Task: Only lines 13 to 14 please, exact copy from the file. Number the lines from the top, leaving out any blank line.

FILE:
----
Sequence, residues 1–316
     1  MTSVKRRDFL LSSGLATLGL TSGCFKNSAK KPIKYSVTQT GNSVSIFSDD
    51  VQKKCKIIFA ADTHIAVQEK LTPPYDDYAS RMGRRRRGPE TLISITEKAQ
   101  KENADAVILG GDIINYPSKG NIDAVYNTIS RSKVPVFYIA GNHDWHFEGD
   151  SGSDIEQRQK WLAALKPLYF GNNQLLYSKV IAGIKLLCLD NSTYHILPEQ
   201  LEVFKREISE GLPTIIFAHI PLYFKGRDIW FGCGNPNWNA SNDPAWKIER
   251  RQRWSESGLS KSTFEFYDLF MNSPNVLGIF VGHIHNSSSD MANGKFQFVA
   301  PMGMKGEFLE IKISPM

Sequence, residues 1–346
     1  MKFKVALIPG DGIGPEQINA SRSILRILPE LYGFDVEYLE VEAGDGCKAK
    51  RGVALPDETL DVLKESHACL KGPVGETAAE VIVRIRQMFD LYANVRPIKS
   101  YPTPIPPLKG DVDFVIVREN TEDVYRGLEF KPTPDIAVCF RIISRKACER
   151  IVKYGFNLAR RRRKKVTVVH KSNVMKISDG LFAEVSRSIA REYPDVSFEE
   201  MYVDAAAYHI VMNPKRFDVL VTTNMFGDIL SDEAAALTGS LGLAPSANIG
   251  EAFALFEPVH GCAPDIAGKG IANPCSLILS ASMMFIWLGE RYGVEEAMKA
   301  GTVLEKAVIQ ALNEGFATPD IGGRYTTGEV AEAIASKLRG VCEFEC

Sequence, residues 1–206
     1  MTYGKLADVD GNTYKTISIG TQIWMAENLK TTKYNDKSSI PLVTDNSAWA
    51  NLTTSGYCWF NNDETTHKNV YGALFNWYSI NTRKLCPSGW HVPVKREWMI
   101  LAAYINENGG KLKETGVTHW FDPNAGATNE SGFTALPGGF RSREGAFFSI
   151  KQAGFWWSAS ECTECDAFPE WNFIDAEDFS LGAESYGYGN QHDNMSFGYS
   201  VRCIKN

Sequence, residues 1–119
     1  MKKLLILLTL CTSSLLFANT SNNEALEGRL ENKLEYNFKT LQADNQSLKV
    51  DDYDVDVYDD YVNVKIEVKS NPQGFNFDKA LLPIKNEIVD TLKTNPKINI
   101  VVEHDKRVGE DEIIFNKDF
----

   151  IVKYGFNLAR RRRKKVTVVH KSNVMKISDG LFAEVSRSIA REYPDVSFEE
   201  MYVDAAAYHI VMNPKRFDVL VTTNMFGDIL SDEAAALTGS LGLAPSANIG